As a hospice social worker, much of my focus during my visits with patients is on their physical symptoms. Of course this is necessary to ensure their comfort, but I find it is just as important to sit and listen to their stories. Everyone has a story to tell, and life review is something we can all do with our loved ones.
When I visited Elinor last week, I found her still in bed, sipping her morning tea. She had immigrated to the USA in the 1950s from Germany, when she was in her 20s. I asked her questions about her early years in NYC, and she just lit up. Elinor talked about her apartment on the upper West side, how exciting life was in her new country, and the hard times she had endured in Nazi Germany. One story led to the next as she shared how she met her husband and their eventual move to the West coast. The more Elinor talked the more animated she became. At the end of the visit she thanked me saying, “How nice it would be to meet you on Broadway and go to Zabar’s for coffee and babka.”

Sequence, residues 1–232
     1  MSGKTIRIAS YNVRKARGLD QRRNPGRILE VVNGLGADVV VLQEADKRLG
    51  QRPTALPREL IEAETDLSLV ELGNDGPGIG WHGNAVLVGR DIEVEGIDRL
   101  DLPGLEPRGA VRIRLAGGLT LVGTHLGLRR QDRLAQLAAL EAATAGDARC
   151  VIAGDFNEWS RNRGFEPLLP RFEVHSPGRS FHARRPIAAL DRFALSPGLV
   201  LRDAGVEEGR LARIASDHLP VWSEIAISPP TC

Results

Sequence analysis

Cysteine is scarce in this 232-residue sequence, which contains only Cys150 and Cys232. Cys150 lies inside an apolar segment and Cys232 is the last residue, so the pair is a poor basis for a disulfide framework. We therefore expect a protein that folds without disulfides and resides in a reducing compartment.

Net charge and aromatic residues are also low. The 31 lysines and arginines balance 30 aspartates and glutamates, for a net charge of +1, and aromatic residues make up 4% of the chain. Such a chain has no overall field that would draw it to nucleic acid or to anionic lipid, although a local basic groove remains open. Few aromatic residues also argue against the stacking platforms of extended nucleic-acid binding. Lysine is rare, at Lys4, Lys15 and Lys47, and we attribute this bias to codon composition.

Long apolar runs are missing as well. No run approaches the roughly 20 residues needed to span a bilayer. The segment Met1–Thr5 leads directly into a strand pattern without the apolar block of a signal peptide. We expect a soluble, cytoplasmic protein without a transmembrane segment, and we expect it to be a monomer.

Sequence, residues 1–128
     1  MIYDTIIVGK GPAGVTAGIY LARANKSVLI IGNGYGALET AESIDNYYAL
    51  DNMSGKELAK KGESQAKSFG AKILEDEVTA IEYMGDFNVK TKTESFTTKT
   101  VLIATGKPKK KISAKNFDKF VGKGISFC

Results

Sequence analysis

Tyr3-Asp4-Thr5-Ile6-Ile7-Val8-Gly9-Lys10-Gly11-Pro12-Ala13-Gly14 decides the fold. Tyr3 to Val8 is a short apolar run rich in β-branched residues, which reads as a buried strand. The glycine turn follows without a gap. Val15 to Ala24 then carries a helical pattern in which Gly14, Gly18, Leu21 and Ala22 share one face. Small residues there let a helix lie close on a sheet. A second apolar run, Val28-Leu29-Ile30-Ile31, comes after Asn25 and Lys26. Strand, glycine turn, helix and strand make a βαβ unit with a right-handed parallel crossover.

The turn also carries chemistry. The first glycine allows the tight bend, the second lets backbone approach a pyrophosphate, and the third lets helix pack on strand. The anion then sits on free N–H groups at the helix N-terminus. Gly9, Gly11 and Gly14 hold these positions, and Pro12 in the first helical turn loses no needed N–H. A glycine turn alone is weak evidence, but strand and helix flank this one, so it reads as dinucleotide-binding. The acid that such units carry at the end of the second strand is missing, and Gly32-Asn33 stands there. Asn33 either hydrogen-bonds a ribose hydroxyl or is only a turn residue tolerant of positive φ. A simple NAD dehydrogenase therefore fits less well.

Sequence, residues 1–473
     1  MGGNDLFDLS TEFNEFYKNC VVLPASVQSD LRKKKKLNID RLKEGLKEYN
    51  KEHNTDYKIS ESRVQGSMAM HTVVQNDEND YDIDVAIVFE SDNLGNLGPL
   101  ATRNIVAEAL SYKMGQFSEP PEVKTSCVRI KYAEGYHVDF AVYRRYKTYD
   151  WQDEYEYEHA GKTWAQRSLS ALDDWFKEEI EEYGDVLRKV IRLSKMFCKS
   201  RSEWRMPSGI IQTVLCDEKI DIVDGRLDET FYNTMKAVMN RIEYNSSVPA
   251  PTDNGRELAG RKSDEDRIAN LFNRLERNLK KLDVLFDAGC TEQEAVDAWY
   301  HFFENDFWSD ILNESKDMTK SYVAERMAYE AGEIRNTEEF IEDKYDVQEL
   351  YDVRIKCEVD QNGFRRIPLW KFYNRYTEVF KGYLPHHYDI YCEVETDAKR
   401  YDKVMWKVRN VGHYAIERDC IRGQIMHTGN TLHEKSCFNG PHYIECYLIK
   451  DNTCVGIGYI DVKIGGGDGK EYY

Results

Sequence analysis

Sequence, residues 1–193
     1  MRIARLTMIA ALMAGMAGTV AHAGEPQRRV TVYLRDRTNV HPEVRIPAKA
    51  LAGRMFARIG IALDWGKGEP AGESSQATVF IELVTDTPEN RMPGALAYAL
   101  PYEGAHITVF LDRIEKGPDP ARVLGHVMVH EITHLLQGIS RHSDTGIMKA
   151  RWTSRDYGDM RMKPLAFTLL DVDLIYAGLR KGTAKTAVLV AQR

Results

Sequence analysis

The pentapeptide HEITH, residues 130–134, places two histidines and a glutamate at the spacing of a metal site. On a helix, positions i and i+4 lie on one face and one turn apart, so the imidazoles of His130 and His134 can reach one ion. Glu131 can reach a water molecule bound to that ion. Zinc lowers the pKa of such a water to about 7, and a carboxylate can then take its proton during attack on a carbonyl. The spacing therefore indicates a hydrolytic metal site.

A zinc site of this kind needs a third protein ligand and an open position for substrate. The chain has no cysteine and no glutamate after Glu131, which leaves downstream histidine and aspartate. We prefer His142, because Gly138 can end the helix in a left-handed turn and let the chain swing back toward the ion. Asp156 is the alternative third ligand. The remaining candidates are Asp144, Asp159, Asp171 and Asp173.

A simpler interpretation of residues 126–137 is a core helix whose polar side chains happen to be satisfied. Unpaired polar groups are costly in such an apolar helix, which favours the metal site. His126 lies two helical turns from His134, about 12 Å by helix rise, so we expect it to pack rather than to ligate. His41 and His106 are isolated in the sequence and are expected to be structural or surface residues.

Life review can be initiated by looking at photos or asking simple questions like, “What was your favorite game to play as a child?” or “Who was your best friend in high school?” Life review helps people find meaning in their lives as well as helping to resolve old hurts. I had a patient recently who was estranged from his children for many years and put all the blame on himself. As he talked about the history of their relationships and his attempts to reconcile, he began to see that it wasn’t completely his fault, and the process of self-forgiveness began.
Recording histories can be a very meaningful experience for the patient as well. I have a patient who is 101 and has some remarkable stories about her family’s immigration from Russia in the late 1880s. She’s currently working with a hospice volunteer to make a DVD of her telling stories as a gift for her granddaughter. She has been so excited about the project that, for a while, she completely forgot about her physical ailments and was like a giggly young girl deciding what she should wear for the camera.